Work + Growth

12 Practical Tips for Your Informational Interviews


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  • Informational meetings are a crucial tool to making professional connections and learning about other roles and practice areas that interest you
  • Take it seriously and prepare accordingly so you get the most out of your brief time with the person
  • Be as clear as possible on what you’re interested in and how the person you’re meeting with can help you

Holding informational interviews are one of the most efficient ways to learn about new roles, and get them, or simply advance your career and expand your professional network.

They provide an informal environment that helps you learn about the type of law or role you’re interested in and gain perspective from someone who has experienced it firsthand. Ultimately, these interviews are not only a chance to learn about a role, company and industry, but also an opportunity to make a connection with a lawyer in your future professional universe. On top of that, they can connect you to others in their universe, so the benefits of making these connections really start to stack up.

Note that informational interviews are not just for job-seekers. Making these types of professional connections can give you insights into how to progress along the career track you’re already on, and can ultimately lead to other opportunities down the road that are attractive to you.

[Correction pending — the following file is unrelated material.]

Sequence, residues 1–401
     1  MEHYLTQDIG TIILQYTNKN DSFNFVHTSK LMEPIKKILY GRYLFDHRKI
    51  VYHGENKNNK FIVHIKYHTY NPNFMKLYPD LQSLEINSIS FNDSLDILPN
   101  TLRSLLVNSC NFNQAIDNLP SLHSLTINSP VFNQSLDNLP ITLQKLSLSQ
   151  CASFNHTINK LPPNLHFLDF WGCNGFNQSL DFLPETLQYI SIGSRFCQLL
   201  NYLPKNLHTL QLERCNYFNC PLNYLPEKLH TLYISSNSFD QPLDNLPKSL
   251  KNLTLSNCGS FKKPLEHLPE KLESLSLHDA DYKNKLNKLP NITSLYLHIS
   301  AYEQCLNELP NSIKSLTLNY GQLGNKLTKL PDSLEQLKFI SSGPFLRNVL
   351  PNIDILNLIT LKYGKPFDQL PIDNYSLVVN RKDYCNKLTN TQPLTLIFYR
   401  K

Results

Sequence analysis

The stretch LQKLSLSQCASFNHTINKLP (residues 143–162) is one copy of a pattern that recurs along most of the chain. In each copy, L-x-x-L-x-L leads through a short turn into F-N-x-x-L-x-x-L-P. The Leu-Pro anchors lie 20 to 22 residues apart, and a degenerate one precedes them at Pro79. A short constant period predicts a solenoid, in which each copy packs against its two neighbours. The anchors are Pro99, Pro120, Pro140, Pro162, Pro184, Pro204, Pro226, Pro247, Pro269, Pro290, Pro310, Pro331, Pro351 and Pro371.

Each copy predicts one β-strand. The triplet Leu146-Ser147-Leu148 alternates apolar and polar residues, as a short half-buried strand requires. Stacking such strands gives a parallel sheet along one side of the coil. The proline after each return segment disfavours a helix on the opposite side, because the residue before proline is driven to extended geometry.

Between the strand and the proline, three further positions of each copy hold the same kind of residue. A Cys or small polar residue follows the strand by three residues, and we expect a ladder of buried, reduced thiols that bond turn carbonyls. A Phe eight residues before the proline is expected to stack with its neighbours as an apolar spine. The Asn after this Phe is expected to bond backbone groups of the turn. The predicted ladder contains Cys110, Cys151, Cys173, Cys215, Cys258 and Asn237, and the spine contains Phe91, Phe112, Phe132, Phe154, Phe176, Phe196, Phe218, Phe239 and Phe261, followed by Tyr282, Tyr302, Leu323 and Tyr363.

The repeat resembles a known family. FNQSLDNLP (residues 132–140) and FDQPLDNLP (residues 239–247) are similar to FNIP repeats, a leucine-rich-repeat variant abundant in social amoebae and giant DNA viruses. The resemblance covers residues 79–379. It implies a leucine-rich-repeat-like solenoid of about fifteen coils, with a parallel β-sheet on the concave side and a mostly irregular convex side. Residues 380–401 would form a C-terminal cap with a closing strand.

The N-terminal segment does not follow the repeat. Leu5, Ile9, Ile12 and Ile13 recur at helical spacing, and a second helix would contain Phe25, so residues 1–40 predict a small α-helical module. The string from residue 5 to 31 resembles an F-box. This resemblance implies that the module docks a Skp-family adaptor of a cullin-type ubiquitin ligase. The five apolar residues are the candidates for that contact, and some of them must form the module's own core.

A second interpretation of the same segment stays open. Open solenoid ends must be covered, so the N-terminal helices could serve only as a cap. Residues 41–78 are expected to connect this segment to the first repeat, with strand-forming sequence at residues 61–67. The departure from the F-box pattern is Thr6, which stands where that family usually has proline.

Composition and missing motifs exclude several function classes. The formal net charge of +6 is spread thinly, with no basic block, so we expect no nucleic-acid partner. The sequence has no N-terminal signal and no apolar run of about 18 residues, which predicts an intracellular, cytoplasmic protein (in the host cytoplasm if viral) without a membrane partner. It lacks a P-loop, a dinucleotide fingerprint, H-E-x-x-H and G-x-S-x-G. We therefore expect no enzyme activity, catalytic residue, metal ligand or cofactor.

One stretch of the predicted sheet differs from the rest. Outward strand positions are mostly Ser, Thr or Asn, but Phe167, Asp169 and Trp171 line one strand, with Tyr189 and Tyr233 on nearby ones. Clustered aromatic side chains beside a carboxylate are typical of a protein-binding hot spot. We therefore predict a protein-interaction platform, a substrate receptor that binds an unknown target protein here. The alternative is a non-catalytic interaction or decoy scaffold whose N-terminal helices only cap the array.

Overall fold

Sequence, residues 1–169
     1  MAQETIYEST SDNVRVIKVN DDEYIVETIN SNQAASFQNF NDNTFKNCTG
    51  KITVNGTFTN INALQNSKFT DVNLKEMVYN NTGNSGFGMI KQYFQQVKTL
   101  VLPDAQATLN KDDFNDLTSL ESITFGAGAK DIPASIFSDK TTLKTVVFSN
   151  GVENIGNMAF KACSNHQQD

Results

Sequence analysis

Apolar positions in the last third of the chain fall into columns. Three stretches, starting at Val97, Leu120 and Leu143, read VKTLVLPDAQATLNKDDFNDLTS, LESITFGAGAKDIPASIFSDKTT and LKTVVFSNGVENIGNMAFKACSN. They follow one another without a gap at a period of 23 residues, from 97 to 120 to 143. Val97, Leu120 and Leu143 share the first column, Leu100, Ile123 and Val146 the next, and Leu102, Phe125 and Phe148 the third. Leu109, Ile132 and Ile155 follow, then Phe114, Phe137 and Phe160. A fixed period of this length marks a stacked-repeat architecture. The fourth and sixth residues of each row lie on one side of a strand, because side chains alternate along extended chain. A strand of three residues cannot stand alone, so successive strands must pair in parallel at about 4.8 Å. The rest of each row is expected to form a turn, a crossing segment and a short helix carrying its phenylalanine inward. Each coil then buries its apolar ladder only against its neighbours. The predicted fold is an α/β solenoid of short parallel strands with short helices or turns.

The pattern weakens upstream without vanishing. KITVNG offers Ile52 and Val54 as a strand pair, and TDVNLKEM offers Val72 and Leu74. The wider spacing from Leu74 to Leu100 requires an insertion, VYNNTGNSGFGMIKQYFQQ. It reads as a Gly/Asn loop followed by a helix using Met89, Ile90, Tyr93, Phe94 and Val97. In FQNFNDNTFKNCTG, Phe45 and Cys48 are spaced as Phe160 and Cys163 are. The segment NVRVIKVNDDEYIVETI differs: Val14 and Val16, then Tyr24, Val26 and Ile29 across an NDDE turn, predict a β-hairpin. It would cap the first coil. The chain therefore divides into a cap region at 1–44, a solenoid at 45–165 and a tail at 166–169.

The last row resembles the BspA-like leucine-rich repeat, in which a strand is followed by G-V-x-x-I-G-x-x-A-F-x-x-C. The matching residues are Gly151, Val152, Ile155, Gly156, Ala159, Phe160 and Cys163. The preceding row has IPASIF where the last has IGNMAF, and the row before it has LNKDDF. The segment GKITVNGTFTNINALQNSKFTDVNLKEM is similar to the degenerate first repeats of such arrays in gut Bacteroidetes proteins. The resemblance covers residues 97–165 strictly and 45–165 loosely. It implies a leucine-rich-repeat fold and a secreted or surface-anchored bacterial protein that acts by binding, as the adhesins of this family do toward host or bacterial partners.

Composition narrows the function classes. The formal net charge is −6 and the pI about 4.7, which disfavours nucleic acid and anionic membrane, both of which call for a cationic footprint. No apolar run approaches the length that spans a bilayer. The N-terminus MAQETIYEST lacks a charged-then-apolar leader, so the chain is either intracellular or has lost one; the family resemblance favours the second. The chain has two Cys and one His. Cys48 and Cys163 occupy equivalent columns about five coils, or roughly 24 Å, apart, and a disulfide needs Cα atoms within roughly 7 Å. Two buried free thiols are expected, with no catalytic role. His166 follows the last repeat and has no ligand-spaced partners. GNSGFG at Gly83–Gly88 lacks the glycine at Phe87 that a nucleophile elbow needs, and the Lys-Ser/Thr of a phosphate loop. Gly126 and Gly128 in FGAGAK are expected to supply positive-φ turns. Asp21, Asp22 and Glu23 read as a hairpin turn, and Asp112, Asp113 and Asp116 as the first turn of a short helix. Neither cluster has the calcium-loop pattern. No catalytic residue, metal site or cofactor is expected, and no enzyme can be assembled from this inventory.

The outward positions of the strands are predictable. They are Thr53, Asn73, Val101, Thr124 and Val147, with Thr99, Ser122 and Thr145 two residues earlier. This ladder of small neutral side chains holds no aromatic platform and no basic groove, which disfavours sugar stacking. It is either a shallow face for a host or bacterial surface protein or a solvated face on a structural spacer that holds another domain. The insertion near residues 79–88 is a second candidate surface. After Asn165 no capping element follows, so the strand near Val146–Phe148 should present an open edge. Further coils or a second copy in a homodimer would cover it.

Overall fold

Whether you want to explore new career avenues, boost your current professional path, or expand your network, use these tips and get the most from these impactful meetings.

Prepare

Some minor preparation in advance will help you give the best impression and get the most out of the meeting. Bring along an organized list of questions specific to the type of law or lawyer you’ll be speaking to. Have a notebook and pen ready to take down notes and contact information.

Be Punctual

Arrive early; this shows you are respectful of the person’s time as well as diligent with your own.

Show Courtesy

Express your gratitude to the interviewee for taking the time to meet with you and confirm with them the amount of time for the meeting is still reasonable and fits with their schedule.

Actively Listen

Intently listen to your interviewee. Their priceless knowledge and wisdom in their profession could lead to crucial decisions in your job search.

Get What You Need

Ask the questions you brought and be sure to ask the ones that are most important to you first!

Ask for Help and Other Connections

Be clear about how they can help you most. Also, don’t hesitate to ask for additional contacts that you can reach out to and engage. Always ask permission to use your interviewee’s name as the source of referral to those connections.

Make It a Two-Way Street

Offer some ways you could be of service to them in return.

Know When to End It

Be respectful of the person’s time by wrapping up your meeting five or so minutes before your time is up. Follow the lead of your interviewee if they wish to lengthen your interview time–if a busy lawyer is willing to give you extra time, you should always take it!

Be Appreciative

Communicate how thankful you are for the interview.

Follow Up

Handwrite or email a follow up to say thank you and to let them know the advice, contacts or suggestions you have used.

Stay in Touch

If appropriate, occasionally update your interviewee to continue building your relationship as well as making them aware of your progress. An especially good time to do this is when you land your new job!

Keep a Look Out for Ways to Help

To show your utmost gratitude, try to repay the favor no matter how long it has been since your initial interview.

What's Next

Research lawyers you’d like to meet with for an informational interview. Identify two people and email them to set up a meeting.